Saturday, October 22, 2016

Not Being Silent

Throughout my life, I have struggled in silence: comparing myself to images of women in the media and letting this comparison influence my behavior, treatment of my body, and attitude. I was in a constant battle to not let these unrealistic images influence my view of myself. I felt like I should change myself to a standardized “ideal” image in order to be happy and accepted by others.

I am overcoming this battle and realized that I didn’t have to go through it alone. I should have reached out and not been silent about what I was dealing with. Now, my aim for my life is to keep my mask off and let people see the “real” me and I encourage others to do the same. In our society, an individual’s image is very important, and their personal success is what matters. I guess I believed that appearing as if I had it all together showed a sign of strength. However, truth is, everyone has struggles as no one’s life is perfect.

In my past experience, if an individual talks about their personal issues and is vulnerable, that person has a high likelihood of getting judged negatively.  Therefore, to avoid being judged, most people stay in the “safe” zone in conversations.  Rather than open up when individuals need help, they tend to turn to things they can easily consume (i.e., alcohol, drugs, food, products, etc.) or go to drastic measures to cope and make them feel better. However, in the end to recover from these addictions, these individuals will have to talk about their issues with trained professionals, which is expensive.  Talking to others and sharing their story is an important aspect in the healing process.   But, it doesn’t require going to a professional to deal with personal issues. You can prevent this step by reaching out, sharing your story, and connecting to others in your community early on. Connecting with others is your safety net.

I got the strength to take off my mask permanently after an interesting conversation with a friend.  We had known each other for a number of years, yet we only talked about “safe” topics. However, I had been craving the need for a deeper friendship. During the conversation, my friend brought up how I was a “frustrating friend,” as I only talked about superficial topics; so, the friend had lost interest in our friendship. Throughout our friendship, we had both gone through hardships, yet we did not share with each other.  While I had thought I was authentic, I had a hard time being vulnerable and letting others (even in this case, one of my closest friends) know what’s going on in my heart. To become a better friend, I learned to open up and to be vulnerable to others. I think it’s important to get people talking about what is going on in their lives. Life is not meant to go through alone. Odds are, others are undergoing similar things.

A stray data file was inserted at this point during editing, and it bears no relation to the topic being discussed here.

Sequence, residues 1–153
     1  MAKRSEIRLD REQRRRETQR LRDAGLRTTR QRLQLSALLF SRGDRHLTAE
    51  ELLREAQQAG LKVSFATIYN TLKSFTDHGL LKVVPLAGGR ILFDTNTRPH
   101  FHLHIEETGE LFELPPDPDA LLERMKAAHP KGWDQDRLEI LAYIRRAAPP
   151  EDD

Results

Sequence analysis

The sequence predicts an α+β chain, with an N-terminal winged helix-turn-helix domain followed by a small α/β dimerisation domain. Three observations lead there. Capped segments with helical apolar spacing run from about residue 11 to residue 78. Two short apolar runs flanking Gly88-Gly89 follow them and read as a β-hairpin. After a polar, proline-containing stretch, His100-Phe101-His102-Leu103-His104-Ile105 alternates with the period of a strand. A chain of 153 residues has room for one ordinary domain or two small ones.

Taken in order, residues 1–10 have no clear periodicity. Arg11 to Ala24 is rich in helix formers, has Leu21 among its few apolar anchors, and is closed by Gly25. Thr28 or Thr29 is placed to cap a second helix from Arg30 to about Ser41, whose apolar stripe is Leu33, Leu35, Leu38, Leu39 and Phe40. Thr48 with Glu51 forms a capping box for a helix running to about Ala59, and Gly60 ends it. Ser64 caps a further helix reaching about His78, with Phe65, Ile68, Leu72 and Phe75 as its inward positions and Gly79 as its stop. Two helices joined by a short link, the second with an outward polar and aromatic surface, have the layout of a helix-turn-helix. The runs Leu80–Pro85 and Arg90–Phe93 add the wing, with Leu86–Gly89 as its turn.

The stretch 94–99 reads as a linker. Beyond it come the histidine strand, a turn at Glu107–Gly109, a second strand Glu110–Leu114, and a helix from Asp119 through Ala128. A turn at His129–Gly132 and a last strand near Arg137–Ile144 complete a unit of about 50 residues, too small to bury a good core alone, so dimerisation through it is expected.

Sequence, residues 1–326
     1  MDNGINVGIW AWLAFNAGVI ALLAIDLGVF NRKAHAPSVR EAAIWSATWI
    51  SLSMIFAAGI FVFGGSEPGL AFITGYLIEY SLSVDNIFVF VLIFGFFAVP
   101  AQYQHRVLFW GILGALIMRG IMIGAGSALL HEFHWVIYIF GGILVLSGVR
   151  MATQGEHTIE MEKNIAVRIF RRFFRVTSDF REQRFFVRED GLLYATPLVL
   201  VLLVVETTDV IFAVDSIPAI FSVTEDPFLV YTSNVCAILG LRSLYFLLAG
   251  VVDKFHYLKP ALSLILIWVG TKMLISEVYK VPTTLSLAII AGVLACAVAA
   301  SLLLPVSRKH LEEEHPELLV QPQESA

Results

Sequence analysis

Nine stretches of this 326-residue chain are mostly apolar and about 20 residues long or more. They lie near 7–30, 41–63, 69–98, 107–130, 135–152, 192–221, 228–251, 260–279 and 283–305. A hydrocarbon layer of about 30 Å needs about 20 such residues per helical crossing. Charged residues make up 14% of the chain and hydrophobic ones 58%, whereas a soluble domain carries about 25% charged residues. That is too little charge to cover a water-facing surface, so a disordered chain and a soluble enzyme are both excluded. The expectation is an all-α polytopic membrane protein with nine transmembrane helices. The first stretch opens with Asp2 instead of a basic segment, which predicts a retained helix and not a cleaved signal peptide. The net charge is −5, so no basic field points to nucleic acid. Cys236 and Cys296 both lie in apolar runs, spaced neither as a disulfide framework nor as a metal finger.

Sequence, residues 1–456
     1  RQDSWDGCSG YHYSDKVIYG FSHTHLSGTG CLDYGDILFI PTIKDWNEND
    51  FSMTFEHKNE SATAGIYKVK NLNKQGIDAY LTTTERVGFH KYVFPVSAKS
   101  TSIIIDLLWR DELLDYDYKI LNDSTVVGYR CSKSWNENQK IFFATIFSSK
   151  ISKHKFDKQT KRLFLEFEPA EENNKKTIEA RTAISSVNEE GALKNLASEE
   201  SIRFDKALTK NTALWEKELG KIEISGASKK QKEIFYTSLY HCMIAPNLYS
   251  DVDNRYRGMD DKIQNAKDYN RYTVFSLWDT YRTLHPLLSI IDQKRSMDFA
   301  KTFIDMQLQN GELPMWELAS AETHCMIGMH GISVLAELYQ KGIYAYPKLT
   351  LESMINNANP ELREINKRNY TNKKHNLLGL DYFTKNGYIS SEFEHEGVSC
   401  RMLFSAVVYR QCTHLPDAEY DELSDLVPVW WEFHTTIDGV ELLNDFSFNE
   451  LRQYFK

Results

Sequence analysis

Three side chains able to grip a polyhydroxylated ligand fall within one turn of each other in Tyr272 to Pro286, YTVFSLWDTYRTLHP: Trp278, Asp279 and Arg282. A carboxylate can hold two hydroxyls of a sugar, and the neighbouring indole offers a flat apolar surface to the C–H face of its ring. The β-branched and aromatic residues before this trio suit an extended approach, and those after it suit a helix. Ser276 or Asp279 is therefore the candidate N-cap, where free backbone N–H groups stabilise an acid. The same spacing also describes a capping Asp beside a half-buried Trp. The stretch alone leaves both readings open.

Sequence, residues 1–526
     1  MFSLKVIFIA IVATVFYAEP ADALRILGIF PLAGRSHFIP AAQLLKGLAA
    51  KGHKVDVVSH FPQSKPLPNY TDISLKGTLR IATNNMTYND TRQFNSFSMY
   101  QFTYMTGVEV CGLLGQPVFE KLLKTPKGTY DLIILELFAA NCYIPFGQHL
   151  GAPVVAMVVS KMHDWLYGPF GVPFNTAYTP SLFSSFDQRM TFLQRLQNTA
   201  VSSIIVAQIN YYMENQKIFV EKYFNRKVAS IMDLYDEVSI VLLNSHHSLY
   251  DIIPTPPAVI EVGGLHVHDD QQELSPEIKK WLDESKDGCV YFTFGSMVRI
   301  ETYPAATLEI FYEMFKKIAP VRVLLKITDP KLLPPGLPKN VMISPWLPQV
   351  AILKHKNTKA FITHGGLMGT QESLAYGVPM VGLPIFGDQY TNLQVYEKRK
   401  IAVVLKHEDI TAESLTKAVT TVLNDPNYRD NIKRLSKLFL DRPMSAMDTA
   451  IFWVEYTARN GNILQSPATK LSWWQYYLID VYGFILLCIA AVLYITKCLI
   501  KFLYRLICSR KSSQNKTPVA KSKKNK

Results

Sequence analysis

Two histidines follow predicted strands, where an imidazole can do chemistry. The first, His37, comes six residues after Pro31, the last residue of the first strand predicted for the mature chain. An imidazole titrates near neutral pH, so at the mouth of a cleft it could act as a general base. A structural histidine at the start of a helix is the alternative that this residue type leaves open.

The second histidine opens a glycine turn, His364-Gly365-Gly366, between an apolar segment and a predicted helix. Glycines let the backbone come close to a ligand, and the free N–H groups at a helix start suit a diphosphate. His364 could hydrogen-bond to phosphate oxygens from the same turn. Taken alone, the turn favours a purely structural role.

Life is short, so put your time and effort into deeper relationships. They are so important. Next time someone you interact with tells you they are “fine” even though they look sad, take time out of your life and show them you care. Just remember that these relationships take time; some connections don’t happen immediately or when you want them to. But, don’t give up when things go slower than you had hoped. Be patient with the person; people have baggage that may cause them to not open up right away. Also, remember that relationships are two ways: you have to be vulnerable, and you have to express your feelings to the other person as well. So THANK YOU friend for the reminder to be more vulnerable in my relationships and to open up more. I’ve learned my lesson, and I now try to take off my mask. As well, I now try to be honest when people ask me how I’m doing.  But, I don’t want to stop there.  I want to share my story with others, so that they can be inspired to share their stories and take off their masks, too.

Arianna Merritt has a rich background in education with and a Bachelor of Science (Honours) Degree in Psychology and a Master’s of Education Degree in Human Development and Applied Psychology.  Her goal in life is to empower individuals to become the best they can be.


2 Responses to “Not Being Silent”


Check out what others are saying about this post...
  1. […] Not Being Silent – featured on We Are the Real Deal […]

  2. […] Not Being Silent – featured on We Are the Real Deal […]

Speak Your Mind

Tell us what you're thinking...
and oh, if you want a pic to show with your comment, go get a gravatar!

WordPress SEO
Get Adobe Flash player Plugin by wordpress themes